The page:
NASA’s EM Drive will be tested in space sometime in the next six months, according to reports published Tuesday by ScienceAlert.
An EM Drive will be launched into space aboard a small satellite. The drive will be launched into a decaying orbit, which it can only maintain if it functions properly. The EM Drive is extremely contentious among scientists, since it allegedly uses exotic physics to violate Newton’s Third Law and the law of conservation of momentum.
A NASA scientist confirmed online late last month that the Em Drive “warp drive” has passed peer-review; NASA itself has not yet confirmed the test results. A Finnish team recently published a peer-reviewed paper proposing that an EM Drive could work by generating unseen exhaust which would still carry momentum.
“People all around the world have been measuring thrust. You’ve got guys building them in their garages and very large organisations building cavities too,” Roger Shawyer, the British scientist who first proposed the concept of Em Drive in 1999, told International Business Times late last month. “They’re all generating thrust, there’s no great mystery. People think it’s black magic or something, but it’s not. Any physicist worth his salt should understand how it works, or if they don’t, they should change their profession.”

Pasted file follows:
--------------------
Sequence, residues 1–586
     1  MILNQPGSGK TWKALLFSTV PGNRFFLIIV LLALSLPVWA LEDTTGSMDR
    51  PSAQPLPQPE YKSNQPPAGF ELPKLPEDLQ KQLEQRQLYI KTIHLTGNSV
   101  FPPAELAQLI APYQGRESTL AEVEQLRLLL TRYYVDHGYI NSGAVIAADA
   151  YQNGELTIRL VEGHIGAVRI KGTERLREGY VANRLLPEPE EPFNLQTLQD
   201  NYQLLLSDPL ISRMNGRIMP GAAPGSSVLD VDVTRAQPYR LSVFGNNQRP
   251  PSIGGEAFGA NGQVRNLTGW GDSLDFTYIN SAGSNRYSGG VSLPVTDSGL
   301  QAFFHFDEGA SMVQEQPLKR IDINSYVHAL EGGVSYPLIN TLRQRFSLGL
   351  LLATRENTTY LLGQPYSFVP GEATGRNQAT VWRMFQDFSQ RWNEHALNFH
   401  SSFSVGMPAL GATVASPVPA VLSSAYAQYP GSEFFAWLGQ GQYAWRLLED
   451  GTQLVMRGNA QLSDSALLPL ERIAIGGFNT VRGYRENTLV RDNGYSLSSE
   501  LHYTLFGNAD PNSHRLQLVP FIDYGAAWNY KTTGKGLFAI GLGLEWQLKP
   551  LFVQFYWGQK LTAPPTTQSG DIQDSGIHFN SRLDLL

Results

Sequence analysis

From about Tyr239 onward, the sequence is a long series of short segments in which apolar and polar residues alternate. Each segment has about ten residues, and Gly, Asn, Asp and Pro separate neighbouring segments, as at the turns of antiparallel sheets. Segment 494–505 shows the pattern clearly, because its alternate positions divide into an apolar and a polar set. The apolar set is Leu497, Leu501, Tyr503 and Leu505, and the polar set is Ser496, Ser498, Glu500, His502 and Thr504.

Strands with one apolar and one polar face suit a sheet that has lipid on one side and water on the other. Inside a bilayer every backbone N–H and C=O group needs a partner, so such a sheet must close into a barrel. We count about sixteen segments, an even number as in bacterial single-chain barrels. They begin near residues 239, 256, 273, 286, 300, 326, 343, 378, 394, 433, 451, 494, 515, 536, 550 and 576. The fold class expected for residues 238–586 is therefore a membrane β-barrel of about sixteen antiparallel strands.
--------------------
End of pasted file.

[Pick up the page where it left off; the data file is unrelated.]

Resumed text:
Shawyer claims that the drive generates thrust through radiation pressure. The Em Drive first gained prominence after NASA’s secretive Eagleworks lab published a non peer-reviewed technical report attesting it generated a small amount of thrust by an unknown mechanism. All three attempts to replicate the drive’s thrust results were successful, but the amounts of thrust generated were relatively low and could have been the result of experimental error.
If successful, the device could make it much cheaper to move satellites and spacecraft around in space, as well as have numerous terrestrial applications. The development of Em Drive was funded by the British government and licences by aerospace giant Boeing. Testing of the Em Drive has been plagued by experimental design issues and repeated delays.
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